1. Your Authentic Value-Add
Your practice offers something unique: industry tenure or a fresh perspective, data insights
or high-touch relationship management, a culture of ideas or execution — or a customized
combination. Identify the value you are currently delivering. Assess whether it’s aligned
with your business strategy — and if it’s not, consider corrections to your offer or aspiration
accordingly. Determine how to make it truly distinct.
2. The Benefits Delivered by the Competition
The competition is doing this same exercise, seeking an ownable identity within the market.
Get smart about who your top three competitors are and how they are positioning themselves.
Understand your points of parity and difference.
3. The Needs and Values of Your Target Audience
Your target audience is more than just clients and prospects; it includes future employees,
acquirers, centers of influence (e.g., those with adjacent client lists, like chambers of commerce,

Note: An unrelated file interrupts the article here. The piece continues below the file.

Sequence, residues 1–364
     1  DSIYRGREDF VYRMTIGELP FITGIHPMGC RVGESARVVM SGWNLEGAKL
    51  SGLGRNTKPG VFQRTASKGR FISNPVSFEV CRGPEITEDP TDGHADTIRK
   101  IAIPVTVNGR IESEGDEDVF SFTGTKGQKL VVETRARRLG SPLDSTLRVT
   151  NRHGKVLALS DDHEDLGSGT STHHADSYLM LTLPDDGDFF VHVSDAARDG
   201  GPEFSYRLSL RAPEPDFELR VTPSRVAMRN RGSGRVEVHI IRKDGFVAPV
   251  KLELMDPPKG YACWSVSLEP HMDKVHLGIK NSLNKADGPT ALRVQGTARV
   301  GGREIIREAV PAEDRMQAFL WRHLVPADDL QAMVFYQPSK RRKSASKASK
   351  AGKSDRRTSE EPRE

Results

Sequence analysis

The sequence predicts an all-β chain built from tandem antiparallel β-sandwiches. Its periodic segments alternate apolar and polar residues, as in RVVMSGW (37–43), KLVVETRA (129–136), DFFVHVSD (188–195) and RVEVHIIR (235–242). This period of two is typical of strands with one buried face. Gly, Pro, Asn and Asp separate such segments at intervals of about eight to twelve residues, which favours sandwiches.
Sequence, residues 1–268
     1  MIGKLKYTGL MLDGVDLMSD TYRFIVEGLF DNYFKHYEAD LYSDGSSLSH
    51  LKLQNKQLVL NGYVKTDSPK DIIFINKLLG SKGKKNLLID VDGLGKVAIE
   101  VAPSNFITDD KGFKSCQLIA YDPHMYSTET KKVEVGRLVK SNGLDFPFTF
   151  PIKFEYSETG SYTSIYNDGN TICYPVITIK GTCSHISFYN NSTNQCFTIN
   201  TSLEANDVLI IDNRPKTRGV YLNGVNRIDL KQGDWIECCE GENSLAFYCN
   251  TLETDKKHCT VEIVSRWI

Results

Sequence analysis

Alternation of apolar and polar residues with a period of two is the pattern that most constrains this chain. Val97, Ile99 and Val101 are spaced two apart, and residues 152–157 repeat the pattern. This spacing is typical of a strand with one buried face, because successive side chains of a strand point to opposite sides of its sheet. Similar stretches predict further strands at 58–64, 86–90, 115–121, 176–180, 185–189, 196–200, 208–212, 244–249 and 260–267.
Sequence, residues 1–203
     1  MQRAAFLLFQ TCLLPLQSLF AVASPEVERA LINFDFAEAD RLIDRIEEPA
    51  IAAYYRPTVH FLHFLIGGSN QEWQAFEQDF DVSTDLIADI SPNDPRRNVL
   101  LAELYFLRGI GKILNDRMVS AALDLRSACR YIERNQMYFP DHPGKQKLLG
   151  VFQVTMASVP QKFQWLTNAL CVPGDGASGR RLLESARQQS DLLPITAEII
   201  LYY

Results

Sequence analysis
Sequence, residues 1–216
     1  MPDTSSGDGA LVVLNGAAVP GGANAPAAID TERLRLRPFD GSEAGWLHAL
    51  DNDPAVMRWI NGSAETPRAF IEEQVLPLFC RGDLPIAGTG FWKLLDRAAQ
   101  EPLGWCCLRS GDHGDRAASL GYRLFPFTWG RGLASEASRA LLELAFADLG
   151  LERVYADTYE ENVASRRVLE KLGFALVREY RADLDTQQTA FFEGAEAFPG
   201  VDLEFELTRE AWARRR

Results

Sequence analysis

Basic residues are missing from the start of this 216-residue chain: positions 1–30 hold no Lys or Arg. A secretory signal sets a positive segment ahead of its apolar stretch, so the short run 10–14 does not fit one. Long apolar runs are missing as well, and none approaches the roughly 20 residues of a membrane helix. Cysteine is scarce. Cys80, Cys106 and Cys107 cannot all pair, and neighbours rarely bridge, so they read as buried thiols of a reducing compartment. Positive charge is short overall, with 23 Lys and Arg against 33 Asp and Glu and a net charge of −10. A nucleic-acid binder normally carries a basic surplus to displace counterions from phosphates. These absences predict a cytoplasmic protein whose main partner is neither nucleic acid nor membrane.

attorneys, wealth managers and CPAs) and industry watchers, including the press. You may
find yourself emphasizing different elements of your value proposition for different audiences,
but at the start, be sure to think inclusively when you consider who will receive and respond
to your message.
After thinking through the three dimensions of the value proposition framework, consider the strategic crux where your practice can be positioned as:
- Authentic to your capabilities and culture
- Differentiated from the competition
- Meaningful to your stakeholders
Having found the sweet spot, begin crafting the message. A value proposition is like an elevator
pitch: It’s concise, credible, compelling and translatable across target audiences. While you
may have uncovered 10 key attributes, refine your message down to your top three points, and
don’t be afraid to repeat them. Repetition will help you assert your positioning — and convince
your audience to believe it.
While you are creating your value proposition, test it with employees, industry peers and clients.
This can be a causal, conversational exercise. The goal is to determine if the statement resonates
with recipients and feels true to your practice. Once you have a statement that you feel confident
about, use it as both a source and a reference for your communications, from website copy to
event participation. These sorts of messaging constructs are known to marketers as messaging
houses; while they can take many forms, we’re offering one example here: